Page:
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Choosing the Best Dog Collar, Harness or Leash

By PetcoLori on Sep. 29, 2017

How do you choose the best dog collar, harness or leash for your puppy or adult dog? Here are a few tips.

It seems pretty simple: you just want to take your dog for a walk, but what kind of collar should she wear? Or should she use a harness? Or both? What about leashes—does she need a regular leash or a retractable one?


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As is the case with picking out what kind of food to feed your dog, there are plenty of choices, and they can often be overwhelming and confusing. Luckily, there are ways to break down the options and select the perfect collar, harness and leash to suit your dog's personality and specific needs. When outfitting your puppy or adult dog with a new collar, harness or leash, it's best to take her shopping with you to make sure you get a proper fit. Ask for help in choosing the ideal combination of products to ensure compatibility and safety, and always follow the manufacturers' instructions regarding fit and use.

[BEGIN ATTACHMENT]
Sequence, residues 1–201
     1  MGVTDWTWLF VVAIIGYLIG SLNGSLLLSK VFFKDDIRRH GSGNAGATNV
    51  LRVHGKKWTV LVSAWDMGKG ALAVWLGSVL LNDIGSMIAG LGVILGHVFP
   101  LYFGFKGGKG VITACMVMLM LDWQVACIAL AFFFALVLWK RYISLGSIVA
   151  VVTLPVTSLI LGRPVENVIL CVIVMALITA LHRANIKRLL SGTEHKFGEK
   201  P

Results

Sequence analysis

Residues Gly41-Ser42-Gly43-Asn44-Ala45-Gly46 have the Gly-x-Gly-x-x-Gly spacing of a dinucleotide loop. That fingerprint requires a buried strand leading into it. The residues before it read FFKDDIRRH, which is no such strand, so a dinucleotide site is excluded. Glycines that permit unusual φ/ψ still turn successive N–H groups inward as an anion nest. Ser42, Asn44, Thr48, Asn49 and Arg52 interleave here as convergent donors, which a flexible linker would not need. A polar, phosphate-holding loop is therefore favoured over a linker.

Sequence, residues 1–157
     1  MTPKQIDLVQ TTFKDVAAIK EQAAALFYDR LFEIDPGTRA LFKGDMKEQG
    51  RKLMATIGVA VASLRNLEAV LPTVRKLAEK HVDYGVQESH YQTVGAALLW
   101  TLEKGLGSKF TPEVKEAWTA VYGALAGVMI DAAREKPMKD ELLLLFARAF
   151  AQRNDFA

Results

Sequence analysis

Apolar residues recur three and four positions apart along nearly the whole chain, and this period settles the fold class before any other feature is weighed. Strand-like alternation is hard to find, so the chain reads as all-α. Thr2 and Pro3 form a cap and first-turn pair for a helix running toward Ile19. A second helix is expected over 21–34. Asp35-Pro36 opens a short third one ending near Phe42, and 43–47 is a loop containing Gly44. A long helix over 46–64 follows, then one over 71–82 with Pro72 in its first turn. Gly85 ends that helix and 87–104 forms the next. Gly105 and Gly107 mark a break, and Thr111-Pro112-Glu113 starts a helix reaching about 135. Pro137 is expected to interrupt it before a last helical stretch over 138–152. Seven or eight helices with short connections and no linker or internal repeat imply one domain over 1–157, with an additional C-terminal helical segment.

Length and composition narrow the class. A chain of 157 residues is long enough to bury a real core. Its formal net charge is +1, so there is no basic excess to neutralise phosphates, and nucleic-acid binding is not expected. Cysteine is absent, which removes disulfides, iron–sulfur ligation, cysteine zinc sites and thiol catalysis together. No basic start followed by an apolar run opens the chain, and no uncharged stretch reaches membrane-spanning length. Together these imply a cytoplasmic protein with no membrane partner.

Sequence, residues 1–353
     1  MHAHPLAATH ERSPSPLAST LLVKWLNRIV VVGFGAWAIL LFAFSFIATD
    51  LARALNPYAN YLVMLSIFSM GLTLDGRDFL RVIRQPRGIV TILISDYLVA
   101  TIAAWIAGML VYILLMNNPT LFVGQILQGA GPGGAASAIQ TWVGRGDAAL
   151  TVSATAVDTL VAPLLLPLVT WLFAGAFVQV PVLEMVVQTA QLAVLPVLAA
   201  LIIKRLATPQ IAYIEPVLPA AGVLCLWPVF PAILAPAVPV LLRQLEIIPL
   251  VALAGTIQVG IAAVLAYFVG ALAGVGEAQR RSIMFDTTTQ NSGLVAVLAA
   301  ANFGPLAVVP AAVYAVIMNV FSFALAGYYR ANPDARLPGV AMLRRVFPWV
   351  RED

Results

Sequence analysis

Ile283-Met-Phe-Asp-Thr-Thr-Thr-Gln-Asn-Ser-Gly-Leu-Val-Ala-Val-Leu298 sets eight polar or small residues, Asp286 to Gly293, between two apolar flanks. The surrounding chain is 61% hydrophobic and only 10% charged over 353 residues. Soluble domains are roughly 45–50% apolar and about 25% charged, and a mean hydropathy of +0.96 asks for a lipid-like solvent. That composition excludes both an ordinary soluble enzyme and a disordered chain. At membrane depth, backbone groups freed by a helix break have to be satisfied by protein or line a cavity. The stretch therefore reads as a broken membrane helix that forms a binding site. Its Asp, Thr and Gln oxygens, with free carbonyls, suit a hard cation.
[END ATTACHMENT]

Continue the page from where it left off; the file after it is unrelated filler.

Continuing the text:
It is best practice to always have your dog wear a collar, displaying a rabies tag and an identification tag with your contact information, just in case you get separated. There are many different types of collars available—including training, reflective, martingale and flat. All come in a variety of colors, patterns and styles—but the most important factors are size, weight and fit. 

Two common types of collars are flat collars and martingale collars. Flat collars with buckles are the most common. Flat collars are effective for most dogs and come in a variety of materials, but are most commonly seen in nylon. Nylon collars are ideal for growing puppies because they typically cost less. Flat collars also come in leather, but nylon is significantly stronger. Leather collars also require frequent treatment to keep the leather soft, supple and strong to prevent cracking. If you have a long-haired dog, consider buying a rolled leather collar to keep her hair from matting.  

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Martingale collars (sometimes called "Greyhound" or "limited slip" collars) were originally designed for use in breeds like sight hounds, since their neck widths are often equal to or wider than their heads. It can be quite easy for these breeds to slip out of a flat collar, but a martingale collar prevents this by means of an extra loop that can softly tighten and stay snug against the neck if the dog tries to pull away. The use of martingale collars has gained popularity in other breeds for training purposes or for dogs that have a habit of trying to slip out of a flat collar.